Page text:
deans-office

My father, who for 50 years has worked as a mathematician at N.C. State, recently exclaimed, “When I arrived at N.C. State, the dean’s office was comprised of the dean, a secretary, and a part-time associate dean–and that’s it. Today, the dean’s office has an army of staff. The amount of research completed and number of classes has dramatically increased, yet the number of teaching faculty hasn’t changed.”

I was curious so I researched the College of Science where Dad works. Turns out – he makes a good point. I counted 44 non-professor associates in the dean’s office, including four in human resources, three in business operations, seven in advancement, three in marketing and communications, and two in “outreach.”

Are these 44 associates necessary? Debatable, but I doubt it – for the fact that 50 years ago, the college’s core functions operated just fine without them. However – and to my main point—I bet the 44 associates work hard. But the fact that they work hard and have stress doesn’t mean their jobs are quite necessary.

Parkinson’s Law of Triviality

In my book The Hockey Stick Principles, I discuss how easy it is to hire people you believe you need because most companies have similar jobs. After you hire them, you feel like you did the right thing because they appear super-busy. But is that job necessary?

In November 1955, C. Northcote Parkinson’s The Economist article “Parkinson’s Law,” stated: “It is a commonplace observation that work expands so as to fill the time available for its completion.” The first example he cited was how an elderly lady of leisure can spend all day sending a postcard versus three minutes for a busy man to complete the same task.

Parkinson’s Law suggests that if you hire too many people, they’ll accomplish the same amount of work as a smaller number of people. For example, if you hire one person to manage sales operations—they’ll remain busy doing just that. But if you hire three people to manage sales operations, then guess what will happen? They will remain busy doing just that. They’ll make up things to do and create projects and reports, conduct meetings, and even still go home tired. So it’s your and your leadership team’s job to make sure you don’t become like the elderly lady of leisure. You have to aim for optimal efficiency and be sure that the hires you’re making are truly necessary.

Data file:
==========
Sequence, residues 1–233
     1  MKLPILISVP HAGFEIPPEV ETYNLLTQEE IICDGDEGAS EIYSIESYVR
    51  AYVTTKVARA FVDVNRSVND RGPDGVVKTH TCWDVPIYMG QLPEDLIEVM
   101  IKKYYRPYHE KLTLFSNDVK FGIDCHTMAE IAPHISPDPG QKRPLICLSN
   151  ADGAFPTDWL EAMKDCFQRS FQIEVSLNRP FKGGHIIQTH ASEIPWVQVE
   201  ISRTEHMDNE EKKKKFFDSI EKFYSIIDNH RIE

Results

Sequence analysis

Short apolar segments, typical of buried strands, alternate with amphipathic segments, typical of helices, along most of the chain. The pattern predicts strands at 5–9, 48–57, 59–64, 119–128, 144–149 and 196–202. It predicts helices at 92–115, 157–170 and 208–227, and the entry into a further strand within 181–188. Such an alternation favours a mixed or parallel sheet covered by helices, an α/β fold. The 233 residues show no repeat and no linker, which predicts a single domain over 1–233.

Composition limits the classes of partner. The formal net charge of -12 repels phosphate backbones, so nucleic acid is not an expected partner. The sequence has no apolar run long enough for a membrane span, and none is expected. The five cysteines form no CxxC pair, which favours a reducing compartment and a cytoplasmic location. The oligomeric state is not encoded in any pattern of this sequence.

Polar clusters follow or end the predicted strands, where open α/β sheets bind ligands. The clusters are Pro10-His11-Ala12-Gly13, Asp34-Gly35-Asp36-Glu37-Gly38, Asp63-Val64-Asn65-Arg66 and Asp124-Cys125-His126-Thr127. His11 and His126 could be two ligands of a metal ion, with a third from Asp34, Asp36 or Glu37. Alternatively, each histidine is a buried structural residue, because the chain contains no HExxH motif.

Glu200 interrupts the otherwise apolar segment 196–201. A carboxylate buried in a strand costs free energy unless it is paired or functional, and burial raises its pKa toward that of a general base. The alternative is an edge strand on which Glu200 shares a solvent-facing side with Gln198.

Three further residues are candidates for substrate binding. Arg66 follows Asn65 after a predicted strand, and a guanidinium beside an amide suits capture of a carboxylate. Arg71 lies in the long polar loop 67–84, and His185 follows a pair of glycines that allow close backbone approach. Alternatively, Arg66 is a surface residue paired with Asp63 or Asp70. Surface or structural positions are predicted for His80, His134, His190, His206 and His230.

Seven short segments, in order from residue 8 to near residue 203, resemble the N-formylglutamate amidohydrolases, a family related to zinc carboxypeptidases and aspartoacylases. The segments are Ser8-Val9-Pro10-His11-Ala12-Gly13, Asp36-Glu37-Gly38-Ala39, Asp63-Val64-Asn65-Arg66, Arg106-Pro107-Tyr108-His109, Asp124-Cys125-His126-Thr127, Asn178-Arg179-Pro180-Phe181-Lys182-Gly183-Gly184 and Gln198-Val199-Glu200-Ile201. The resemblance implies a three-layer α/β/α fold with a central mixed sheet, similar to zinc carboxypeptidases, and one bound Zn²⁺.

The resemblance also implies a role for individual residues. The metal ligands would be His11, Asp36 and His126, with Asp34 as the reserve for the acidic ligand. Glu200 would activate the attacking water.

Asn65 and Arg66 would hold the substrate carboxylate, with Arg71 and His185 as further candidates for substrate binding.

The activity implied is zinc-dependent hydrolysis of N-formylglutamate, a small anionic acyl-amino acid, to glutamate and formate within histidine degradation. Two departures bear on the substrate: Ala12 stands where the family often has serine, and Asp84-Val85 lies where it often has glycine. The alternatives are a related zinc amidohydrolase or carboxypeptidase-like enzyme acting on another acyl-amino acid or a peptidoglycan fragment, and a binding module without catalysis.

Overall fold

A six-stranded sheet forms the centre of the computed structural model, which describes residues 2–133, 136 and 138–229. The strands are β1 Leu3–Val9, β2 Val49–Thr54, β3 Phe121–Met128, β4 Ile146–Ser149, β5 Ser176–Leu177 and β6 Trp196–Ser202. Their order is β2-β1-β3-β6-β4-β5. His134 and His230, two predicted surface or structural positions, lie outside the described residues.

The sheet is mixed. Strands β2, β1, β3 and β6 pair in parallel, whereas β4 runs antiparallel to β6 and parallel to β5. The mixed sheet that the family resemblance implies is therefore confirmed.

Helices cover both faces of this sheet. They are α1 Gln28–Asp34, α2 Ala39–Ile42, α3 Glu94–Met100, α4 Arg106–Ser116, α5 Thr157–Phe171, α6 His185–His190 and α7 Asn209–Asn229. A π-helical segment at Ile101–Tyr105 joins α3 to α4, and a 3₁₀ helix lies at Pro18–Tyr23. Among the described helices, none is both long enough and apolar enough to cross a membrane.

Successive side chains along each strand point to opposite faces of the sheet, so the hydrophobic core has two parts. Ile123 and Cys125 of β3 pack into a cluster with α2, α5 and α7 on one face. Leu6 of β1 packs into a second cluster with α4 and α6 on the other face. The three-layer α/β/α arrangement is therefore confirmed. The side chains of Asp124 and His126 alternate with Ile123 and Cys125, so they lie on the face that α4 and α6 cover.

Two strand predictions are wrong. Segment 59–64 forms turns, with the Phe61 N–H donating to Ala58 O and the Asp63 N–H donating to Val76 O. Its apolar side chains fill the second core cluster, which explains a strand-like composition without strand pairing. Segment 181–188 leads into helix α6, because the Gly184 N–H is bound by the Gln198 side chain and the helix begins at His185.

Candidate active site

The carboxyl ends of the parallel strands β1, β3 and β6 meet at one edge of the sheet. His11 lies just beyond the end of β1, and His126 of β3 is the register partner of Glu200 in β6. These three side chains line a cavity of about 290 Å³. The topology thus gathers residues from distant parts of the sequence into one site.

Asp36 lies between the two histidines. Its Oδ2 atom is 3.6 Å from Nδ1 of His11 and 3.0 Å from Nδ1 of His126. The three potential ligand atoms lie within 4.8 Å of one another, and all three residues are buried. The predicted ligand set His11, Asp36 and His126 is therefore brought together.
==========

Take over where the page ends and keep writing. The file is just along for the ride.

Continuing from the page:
Which brings me to Hockey Stick Principle #84: Understand the necessity of every hire you make.

The process of assessing what hires to make is easier said than done. Calibrating how much staff you hire trips up many founders. You make mistakes in numerous ways—hire too many people, not enough people, or hire the wrong position (i.e., bring on a director for marketing instead of a director for sales, or visa-versa). Here are two tips for thinking about jobs that are necessary versus ones you simply want:

  1. Until you reach the growth inflection point (see examples – how they did it stage by stage), perform as many functions as you can yourself instead of hiring experts. To start a company, you have to be pretty good at lots of things. For example, do your own marketing, do your own sales, manage your own product, calculate your own key performance indicators (KPIs). Simply do the best you can with what you have.
  1. Hire interns. Interns are inexpensive investments and can do lots and lots of work if you provide them the proper guidance.

The dean’s office is inefficient because it can be. It’s a mature industry with government support. It has access to capital and spends money only because it is there. Don’t do that. Because if you do, one day you might wake up to a competitor at your doorstep—that’s way more efficient and kicking your ass.

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One Response to “Don’t Run Your Startup Like The Dean’s Office”

  1. Kevin Bell says:

    You’re right, you have had some pretty darn good interns.

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